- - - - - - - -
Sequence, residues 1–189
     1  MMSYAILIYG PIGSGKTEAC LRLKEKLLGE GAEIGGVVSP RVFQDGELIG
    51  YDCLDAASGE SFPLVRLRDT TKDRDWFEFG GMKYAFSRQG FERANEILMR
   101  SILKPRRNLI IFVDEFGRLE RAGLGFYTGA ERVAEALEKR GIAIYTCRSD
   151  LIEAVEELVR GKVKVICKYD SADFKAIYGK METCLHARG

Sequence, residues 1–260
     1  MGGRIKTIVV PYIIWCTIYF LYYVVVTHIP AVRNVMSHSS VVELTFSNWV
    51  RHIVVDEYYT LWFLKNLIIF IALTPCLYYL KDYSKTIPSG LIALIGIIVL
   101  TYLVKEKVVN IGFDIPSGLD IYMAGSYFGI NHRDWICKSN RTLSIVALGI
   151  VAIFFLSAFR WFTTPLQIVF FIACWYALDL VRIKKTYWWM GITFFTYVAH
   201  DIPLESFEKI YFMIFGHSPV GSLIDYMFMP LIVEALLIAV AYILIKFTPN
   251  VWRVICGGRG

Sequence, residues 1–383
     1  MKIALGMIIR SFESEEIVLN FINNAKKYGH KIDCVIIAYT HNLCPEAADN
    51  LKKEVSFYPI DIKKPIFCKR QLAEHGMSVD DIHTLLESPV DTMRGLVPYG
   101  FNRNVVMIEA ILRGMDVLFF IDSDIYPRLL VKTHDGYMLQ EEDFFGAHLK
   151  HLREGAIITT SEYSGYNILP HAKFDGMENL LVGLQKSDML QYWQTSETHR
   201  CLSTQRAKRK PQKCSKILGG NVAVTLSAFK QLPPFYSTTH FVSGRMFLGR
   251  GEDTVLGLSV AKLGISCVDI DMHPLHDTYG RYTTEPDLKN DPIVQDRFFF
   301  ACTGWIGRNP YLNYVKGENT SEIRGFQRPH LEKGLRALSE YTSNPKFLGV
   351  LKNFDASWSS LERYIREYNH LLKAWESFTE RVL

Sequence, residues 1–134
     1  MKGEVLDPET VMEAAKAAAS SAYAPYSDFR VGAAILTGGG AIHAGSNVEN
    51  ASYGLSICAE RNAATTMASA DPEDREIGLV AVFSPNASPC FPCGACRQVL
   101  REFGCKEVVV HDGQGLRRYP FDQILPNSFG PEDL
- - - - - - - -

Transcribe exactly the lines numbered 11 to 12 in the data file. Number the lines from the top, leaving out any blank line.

   201  DIPLESFEKI YFMIFGHSPV GSLIDYMFMP LIVEALLIAV AYILIKFTPN
   251  VWRVICGGRG